I'm pleased to say I was not disappointed, and while Lords isn't quite in the same style as "House of 1000 Corpses" or "The Devil's Rejects", it is really enjoyable! I felt it was well put together, and had the feeling of a Hammer Horror (such as "The Devil Rides Out") mixed with a touch of "Rosemary's Baby", there was also some classic 70s horror weirdness in there, especially any scenes with the Beast himself in them.

Heidi (Sheri Moon Zombie) is a radio DJ on Salem's local radio station. She co-hosts a show with her sometimes lover, Herman "Whitey" Salvador (Jeff Daniel Phillips) and also Herman Jackson (Ernest Lee Thomas).

One day, Heidi receives a strange record by a band called "The Lords" in a creepy wooden box. After a drunken night in with Whitey, they stick on the record and it behaves strangely, trying to play backwards. When it finally starts playing Heidi begins to feel strange and see odd visions. She kicks Whitey out and heads to bed where she dreams strange dreams.

Regardless, they play the record on the show and it becomes a hit with the listeners. The Lords also announce a gig in Salem and provide free tickets to anyone who wants them. But are The Lords all that they appear? Or is there something more sinister going on? And is the sweet little old landlady and her sisters really all that sweet?

An atmospheric film which is both slow burning and also quite trippy, The Lords of Salem is enjoyable and weird. Good visuals and a fitting soundtrack give the desired effect. Although, it's not for everyone, and is certainly no gore fest.

Several notable scream queens are present in this film including:
  • Magenta from Rocky Horror, Patricia Quinn
  • Meg Foster (she was in John Carpenter's "They Live")
  • Barbara Crampton ("Re-Animator")
  • María Conchita Alonso ("Predator 2", "The Running Man")
  • Dee Wallace ("E.T.", "The Howling", "The Hills Have Eyes", "Cujo")
 The coven scenes are excellent, if you can handle that much naked old lady, and really hark back to the glory days of witch horror, when Vincent Price was hunting them down and Joan Fontaine was losing her mind to witchcraft!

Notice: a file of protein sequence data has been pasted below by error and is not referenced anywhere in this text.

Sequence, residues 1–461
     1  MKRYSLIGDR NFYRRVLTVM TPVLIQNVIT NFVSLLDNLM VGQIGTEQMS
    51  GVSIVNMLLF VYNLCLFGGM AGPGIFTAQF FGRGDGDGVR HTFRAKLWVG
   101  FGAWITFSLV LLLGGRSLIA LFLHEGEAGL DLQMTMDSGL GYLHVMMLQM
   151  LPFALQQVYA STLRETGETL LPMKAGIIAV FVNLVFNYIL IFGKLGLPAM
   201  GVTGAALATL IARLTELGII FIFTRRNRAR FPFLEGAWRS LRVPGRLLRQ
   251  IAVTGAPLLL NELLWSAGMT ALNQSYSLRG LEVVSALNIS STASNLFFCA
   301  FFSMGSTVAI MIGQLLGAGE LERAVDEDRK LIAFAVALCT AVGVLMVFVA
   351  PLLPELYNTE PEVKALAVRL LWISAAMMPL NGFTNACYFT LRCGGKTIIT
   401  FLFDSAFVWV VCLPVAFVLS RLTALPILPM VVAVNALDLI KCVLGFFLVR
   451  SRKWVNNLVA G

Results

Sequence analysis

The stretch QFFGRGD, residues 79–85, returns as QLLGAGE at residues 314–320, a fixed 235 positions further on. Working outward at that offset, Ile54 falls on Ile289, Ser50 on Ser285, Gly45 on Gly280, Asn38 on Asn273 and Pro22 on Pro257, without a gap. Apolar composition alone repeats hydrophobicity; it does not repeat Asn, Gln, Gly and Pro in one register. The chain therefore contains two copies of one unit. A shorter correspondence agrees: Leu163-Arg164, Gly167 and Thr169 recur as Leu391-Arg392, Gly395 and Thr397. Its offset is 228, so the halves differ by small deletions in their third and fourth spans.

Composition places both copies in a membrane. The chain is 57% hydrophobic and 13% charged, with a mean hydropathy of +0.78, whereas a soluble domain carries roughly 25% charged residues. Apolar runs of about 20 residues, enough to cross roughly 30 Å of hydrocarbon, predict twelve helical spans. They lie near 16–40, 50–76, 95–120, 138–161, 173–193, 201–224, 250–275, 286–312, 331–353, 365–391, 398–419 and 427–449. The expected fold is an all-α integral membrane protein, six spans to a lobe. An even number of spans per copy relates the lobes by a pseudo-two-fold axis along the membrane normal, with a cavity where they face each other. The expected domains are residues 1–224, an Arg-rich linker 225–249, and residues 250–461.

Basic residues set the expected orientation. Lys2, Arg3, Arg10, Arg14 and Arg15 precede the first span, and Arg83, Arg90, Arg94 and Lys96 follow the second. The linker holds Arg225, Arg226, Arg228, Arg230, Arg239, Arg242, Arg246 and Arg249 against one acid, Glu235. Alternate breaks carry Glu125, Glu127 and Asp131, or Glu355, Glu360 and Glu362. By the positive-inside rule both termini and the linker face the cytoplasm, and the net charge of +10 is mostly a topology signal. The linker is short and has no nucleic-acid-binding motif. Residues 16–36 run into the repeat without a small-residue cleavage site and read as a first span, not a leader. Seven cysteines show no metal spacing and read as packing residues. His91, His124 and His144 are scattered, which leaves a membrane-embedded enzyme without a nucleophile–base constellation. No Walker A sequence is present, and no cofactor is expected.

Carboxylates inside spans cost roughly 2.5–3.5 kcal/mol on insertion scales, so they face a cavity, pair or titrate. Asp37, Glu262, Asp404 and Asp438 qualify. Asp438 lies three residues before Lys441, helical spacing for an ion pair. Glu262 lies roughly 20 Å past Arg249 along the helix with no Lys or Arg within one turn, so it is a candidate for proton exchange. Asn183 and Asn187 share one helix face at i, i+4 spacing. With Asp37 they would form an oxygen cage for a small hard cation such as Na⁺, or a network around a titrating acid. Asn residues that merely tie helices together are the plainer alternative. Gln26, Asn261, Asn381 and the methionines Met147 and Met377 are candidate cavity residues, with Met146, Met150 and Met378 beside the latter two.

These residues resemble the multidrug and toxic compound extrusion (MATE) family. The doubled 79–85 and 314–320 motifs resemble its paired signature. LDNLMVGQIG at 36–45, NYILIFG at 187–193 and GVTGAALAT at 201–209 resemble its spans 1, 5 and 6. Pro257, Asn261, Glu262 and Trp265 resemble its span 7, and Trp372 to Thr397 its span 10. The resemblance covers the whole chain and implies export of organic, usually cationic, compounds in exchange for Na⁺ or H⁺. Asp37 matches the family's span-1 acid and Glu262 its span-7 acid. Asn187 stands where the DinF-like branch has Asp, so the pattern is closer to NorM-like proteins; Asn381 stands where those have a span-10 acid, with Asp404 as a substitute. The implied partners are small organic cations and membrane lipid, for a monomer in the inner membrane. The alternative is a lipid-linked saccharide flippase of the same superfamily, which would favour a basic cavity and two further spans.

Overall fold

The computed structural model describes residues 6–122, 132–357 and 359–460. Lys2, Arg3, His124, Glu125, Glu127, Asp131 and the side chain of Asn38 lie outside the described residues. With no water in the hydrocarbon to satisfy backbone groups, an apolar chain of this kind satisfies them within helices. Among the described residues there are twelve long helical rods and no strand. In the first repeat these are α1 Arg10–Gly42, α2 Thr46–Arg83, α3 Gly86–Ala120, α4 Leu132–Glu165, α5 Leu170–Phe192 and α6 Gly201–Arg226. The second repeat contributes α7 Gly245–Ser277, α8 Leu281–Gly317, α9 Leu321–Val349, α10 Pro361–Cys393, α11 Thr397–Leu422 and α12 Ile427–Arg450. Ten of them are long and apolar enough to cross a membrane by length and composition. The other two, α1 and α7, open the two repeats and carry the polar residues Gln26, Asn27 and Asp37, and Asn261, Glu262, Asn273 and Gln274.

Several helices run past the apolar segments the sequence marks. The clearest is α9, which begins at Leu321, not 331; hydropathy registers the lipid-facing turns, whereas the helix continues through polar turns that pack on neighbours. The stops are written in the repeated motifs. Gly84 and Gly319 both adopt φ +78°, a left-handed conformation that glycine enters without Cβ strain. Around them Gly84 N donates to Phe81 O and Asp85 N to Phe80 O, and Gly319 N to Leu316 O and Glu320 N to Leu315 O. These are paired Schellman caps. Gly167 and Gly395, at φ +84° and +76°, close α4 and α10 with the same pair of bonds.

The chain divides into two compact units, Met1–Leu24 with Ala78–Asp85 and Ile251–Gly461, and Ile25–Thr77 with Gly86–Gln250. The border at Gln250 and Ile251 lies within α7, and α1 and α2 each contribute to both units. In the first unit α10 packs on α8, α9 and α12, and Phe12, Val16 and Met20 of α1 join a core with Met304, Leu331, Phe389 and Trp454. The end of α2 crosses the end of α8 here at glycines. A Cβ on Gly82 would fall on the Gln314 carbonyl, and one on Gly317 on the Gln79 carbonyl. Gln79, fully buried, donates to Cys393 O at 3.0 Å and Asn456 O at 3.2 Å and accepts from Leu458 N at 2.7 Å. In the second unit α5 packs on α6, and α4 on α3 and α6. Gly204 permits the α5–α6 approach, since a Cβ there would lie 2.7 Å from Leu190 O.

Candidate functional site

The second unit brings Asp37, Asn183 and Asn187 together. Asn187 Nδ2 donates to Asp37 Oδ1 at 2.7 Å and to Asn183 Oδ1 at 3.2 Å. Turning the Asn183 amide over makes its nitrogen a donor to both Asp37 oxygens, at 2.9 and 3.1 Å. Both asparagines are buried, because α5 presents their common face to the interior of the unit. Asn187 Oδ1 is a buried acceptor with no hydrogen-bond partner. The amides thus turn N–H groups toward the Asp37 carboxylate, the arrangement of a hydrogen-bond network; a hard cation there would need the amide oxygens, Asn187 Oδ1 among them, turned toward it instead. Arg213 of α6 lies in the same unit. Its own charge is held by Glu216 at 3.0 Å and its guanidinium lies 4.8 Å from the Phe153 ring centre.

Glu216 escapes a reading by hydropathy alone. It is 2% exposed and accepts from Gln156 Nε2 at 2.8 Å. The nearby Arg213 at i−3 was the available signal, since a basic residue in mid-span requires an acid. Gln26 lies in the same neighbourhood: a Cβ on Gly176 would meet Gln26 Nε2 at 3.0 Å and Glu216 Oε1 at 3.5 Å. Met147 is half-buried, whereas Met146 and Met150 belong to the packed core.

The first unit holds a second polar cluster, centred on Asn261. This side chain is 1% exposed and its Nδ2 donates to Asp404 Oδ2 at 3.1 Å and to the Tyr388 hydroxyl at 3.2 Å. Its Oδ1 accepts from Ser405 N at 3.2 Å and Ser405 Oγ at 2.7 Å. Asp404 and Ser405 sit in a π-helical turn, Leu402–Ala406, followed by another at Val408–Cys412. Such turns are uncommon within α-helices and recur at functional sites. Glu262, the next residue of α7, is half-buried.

I actually liked the end which sped up and delved back into the Zombie we know and love and, for me, brought all the craziness to a head.

Good, different, but not gory, this film may be a point of contention amongst fans, but is a bold move by the ever talented Rob Zombie.

[Image: Haunted Films]



"Hellfjord" (Tommy Wirkola, Zahid Ali, Stig Frode, Film Camp, 2011) is a Norwegian comedy series from the talented people behind "Dead Snow", which premièred in the UK at Glasgow Film Festival's Fright Fest in 2013.

The series has received such a good response from the screening, that it is rumoured to be coming to the UK soon! 

Funny, clever, rude, surreal, uncomfortable and violent, "Hellfjord" feels like "League of Gentlemen" meets "Hot Fuzz", but is oh so Norwegian and different.

Zahid Ali plays leading man, Salmander, a policeman in Oslo who is being fired by the force for publicly shooting his horse to death in an attempt to 'humanely' put it down. Repeatedly. Before using other means to kill the beast. Now, I'm a horse lover, and an ex-horse owner, and even I thought that scene was funny!

The force cannot fire Salmander straight away and instead send him to a remote, strange little fishing town called Hellfjord to work. There he meets the small and odd community, who's main trade is the fish factory, Hellfish, owned by Bosse Nova (Thomas Hanzon), a Swedish business man with a criminal past.

Salmander works alongside oddball policeman, Kobba (Stig Frode Henriksen), who is one of the most entertaining characters. Fantastically played by Henriksen and also visually comedic. 

Kobba's long suffering mail order bride, Riina (Pihla Viitala) also seems to help out in the policework. I love their eccentric and weird marriage! So funny.

With unwilling help from Kobba and also some very willing help from Johanne (Ingrid Bolsø Berdal), the local and only journalist on the island, Salmander attempts to find out what strange happenings are going on in Hellfjord.

Really worth a try, this series will have you laughing out loud and flinching at points too. A range of strange characters are introduced, including dirty old women and terrible hitmen. 

Zahid Ali makes a great main character as the funny, shy and bemused Salmander. His flawed personality is both relatable and a great source of entertainment. Whether he is dancing outlandishly, saying the wrong thing or randomly touching things while sneaking about, he just brings in the laughs.

Very funny, very different, intriguing and there's a sea serpent, too! I recommend you give Hellfjord a try! It is by far my favourite new discovery, thanks to Fright Fest!

[Image: Film Camp]

Saturday, 23 February 2013

Glasgow Film Festival: Fright Fest

I'm currently at Glasgow Fright Fest 2013 enjoying some movies and the company of like-minded people! Whoever said horror wasn't about bringing people together?!

The show has so far been very entertaining between the films and the Q&A sessions with some of the Directors and actors! This is the first one of these that I've been to, and I'm really enjoying the whole experience.